Nikon’s very pricey and very niche lens, the 58mm F/0.95 Noct was available for some in-booth shooting for the first time ever. The $8,000 manual focus lens is one of the fastest the company has ever made, and although it’s specifically made for niche subjects like astrophotography, it can give shooters some pretty interesting results with portraits as well. The lens has 17 elements in 10 groups, and, while it’s a bit of a monster when attached to the Z camera, the bokeh is really impressive.
Sigma’s super compact full-frame fp camera was on display in New York City. We learned about this camera over the summer, but this was the first time we got a sample in our hands. It’s tiny, but solid. The camera uses Leica’s L lens mount and is built around a 24.6MP BSI-CMSO Bayer sensor—a departure from the Foveon sensors you might expect in a Sigma camera.
Sandisk’s new Extreme Pro Portable SSD has a read speed of up to 1050MB/s and comes in 500GB, 1TB and 2TB versions. It has a forged aluminum body that protects the SSD core and helps keep it cool. This rugged little drive has an IP55 rating for dust and water and higher impact resistance compared to its predecessor. It connects with USB Type-C and Type A, and it’s small size makes it perfect for a photographer on the go.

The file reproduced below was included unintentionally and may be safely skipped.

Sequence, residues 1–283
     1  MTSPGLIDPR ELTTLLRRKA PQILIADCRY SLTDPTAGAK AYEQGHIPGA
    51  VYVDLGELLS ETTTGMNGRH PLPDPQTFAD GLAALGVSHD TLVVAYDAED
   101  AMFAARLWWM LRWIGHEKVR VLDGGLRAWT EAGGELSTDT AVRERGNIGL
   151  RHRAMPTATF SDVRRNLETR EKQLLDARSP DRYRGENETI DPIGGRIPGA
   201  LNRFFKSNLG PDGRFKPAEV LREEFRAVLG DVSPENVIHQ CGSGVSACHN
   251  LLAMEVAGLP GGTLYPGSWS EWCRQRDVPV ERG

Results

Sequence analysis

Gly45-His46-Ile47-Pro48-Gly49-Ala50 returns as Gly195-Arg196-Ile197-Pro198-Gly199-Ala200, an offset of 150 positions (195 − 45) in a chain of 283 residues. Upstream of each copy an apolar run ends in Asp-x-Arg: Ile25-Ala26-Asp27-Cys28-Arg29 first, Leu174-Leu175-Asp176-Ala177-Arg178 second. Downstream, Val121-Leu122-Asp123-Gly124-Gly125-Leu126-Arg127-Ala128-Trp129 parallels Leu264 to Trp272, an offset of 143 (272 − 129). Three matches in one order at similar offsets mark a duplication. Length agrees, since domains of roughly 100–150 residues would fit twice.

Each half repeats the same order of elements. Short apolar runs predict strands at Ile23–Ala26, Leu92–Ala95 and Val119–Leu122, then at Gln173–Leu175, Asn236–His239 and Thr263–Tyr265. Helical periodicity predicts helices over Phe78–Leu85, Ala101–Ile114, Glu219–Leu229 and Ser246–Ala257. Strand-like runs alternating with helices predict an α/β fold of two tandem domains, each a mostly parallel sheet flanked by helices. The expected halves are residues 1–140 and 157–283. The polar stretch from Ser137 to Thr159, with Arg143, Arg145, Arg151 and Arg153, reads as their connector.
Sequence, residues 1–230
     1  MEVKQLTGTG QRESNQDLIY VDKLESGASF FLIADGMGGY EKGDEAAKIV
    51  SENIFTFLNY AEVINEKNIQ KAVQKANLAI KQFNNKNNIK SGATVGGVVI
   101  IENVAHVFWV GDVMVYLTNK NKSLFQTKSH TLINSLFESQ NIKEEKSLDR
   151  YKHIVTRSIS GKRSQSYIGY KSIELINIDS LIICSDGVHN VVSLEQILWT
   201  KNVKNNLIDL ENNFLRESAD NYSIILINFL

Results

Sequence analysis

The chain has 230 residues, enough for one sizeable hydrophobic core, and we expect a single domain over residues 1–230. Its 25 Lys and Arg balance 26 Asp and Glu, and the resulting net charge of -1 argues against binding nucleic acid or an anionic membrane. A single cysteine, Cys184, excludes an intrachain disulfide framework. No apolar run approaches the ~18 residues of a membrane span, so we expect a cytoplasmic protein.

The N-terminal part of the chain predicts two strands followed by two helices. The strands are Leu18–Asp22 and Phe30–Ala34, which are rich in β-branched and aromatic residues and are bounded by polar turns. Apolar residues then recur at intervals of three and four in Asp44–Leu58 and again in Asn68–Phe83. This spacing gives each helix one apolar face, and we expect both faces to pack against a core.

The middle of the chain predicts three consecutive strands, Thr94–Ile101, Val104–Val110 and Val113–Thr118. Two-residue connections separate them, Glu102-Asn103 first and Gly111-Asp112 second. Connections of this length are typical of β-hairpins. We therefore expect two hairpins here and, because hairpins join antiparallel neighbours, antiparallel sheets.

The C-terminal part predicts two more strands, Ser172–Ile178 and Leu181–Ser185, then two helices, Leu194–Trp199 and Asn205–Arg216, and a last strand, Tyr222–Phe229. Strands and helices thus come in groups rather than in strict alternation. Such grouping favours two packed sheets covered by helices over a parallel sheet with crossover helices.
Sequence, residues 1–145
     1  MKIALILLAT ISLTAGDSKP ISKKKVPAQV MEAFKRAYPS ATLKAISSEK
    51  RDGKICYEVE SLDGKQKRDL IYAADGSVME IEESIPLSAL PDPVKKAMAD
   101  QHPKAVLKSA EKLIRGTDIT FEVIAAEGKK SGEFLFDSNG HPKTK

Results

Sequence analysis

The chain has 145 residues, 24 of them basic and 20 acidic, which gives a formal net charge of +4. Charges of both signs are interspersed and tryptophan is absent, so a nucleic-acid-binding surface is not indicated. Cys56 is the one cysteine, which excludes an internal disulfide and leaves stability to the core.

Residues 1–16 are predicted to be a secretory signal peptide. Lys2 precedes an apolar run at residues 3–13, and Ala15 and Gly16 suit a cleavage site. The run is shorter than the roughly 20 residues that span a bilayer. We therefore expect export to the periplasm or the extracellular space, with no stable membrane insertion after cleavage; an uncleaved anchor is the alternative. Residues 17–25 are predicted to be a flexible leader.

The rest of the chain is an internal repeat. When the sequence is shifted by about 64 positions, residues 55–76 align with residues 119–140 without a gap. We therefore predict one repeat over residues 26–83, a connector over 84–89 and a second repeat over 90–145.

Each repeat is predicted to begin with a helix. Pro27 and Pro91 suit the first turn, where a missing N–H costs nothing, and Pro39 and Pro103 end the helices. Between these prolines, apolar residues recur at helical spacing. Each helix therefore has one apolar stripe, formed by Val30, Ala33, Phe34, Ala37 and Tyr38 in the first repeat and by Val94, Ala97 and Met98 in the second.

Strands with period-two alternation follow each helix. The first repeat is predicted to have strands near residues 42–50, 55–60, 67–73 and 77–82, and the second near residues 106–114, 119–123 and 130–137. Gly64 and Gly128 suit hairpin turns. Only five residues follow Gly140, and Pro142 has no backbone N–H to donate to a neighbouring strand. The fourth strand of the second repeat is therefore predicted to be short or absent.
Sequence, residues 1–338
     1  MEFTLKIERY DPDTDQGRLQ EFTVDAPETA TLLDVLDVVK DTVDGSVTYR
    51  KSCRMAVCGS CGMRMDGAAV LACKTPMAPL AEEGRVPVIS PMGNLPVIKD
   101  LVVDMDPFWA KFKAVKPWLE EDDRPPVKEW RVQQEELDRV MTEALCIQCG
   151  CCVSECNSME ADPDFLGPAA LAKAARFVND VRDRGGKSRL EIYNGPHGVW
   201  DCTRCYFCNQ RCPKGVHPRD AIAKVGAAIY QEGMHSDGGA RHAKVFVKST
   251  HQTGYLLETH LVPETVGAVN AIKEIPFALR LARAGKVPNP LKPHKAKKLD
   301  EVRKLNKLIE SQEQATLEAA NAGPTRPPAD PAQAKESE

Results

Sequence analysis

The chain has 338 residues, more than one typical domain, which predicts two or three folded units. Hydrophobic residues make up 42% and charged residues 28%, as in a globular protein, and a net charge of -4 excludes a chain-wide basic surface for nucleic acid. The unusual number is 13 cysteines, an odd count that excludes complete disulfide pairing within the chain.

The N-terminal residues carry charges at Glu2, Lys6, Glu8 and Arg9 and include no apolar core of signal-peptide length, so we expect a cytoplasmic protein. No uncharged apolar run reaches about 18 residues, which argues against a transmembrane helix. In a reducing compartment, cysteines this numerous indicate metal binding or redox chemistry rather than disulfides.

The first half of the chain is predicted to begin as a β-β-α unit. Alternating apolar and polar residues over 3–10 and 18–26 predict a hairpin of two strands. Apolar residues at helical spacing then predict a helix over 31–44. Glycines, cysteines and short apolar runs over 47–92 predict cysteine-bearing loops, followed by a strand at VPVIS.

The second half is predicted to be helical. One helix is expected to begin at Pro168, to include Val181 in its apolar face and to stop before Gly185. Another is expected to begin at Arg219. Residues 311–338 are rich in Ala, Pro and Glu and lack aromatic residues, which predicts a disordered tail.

Lexar Multi Card Reader
Lexar’s compact professional 3-in-1 USB 3.1 Type-C Reader is compatible with SD, microSD and CompactFlash cards. It supports transfer speeds up to 312MB/s for SD and microSD and 160MB/s for CompactFlash cards. And the triangular shape makes it a little more compact than the traditional rectangular versions.
We’ve been using and loving HEX’s camera backpacks for a while now, and although they are great for travel, they can be a little bulky for everyday use. That’s changing though—in part, they say, because of the feedback from women who have been using the bags. This December the company will be releasing scaled down versions of the backpack and sling bag. The new compact designs come in all three colors: black, blue camo, and green camo.
Ilford’s new film and analog accessories